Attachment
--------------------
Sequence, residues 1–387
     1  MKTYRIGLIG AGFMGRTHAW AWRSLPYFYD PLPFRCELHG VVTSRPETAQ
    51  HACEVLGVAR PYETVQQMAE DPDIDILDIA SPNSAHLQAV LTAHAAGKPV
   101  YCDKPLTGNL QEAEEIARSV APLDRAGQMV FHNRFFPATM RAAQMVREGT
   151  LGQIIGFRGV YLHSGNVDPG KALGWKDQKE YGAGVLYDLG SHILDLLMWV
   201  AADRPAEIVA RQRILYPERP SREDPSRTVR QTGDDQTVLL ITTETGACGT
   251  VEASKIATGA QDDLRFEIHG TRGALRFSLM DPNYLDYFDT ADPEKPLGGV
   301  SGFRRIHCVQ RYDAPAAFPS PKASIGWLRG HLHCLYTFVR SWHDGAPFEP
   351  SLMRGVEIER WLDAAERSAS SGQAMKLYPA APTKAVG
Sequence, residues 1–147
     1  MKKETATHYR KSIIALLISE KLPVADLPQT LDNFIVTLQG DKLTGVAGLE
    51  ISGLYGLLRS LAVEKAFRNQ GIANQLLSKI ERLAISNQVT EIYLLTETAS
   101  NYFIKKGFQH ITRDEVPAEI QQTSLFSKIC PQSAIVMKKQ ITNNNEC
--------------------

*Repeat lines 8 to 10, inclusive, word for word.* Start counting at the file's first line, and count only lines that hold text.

   301  SGFRRIHCVQ RYDAPAAFPS PKASIGWLRG HLHCLYTFVR SWHDGAPFEP
   351  SLMRGVEIER WLDAAERSAS SGQAMKLYPA APTKAVG
Sequence, residues 1–147